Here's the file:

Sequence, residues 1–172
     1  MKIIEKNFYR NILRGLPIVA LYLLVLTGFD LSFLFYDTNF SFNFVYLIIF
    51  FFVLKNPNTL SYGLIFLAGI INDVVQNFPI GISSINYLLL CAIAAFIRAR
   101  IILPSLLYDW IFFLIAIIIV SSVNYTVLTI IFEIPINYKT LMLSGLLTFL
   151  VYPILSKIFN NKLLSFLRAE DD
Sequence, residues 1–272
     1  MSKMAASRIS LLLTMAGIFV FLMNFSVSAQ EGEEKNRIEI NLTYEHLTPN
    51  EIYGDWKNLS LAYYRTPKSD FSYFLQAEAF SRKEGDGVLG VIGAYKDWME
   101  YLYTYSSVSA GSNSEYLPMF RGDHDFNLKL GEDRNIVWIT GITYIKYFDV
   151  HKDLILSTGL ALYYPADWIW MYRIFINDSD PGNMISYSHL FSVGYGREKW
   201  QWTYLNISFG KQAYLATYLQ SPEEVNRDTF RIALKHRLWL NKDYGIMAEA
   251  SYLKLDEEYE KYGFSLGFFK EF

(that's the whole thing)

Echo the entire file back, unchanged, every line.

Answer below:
Sequence, residues 1–172
     1  MKIIEKNFYR NILRGLPIVA LYLLVLTGFD LSFLFYDTNF SFNFVYLIIF
    51  FFVLKNPNTL SYGLIFLAGI INDVVQNFPI GISSINYLLL CAIAAFIRAR
   101  IILPSLLYDW IFFLIAIIIV SSVNYTVLTI IFEIPINYKT LMLSGLLTFL
   151  VYPILSKIFN NKLLSFLRAE DD
Sequence, residues 1–272
     1  MSKMAASRIS LLLTMAGIFV FLMNFSVSAQ EGEEKNRIEI NLTYEHLTPN
    51  EIYGDWKNLS LAYYRTPKSD FSYFLQAEAF SRKEGDGVLG VIGAYKDWME
   101  YLYTYSSVSA GSNSEYLPMF RGDHDFNLKL GEDRNIVWIT GITYIKYFDV
   151  HKDLILSTGL ALYYPADWIW MYRIFINDSD PGNMISYSHL FSVGYGREKW
   201  QWTYLNISFG KQAYLATYLQ SPEEVNRDTF RIALKHRLWL NKDYGIMAEA
   251  SYLKLDEEYE KYGFSLGFFK EF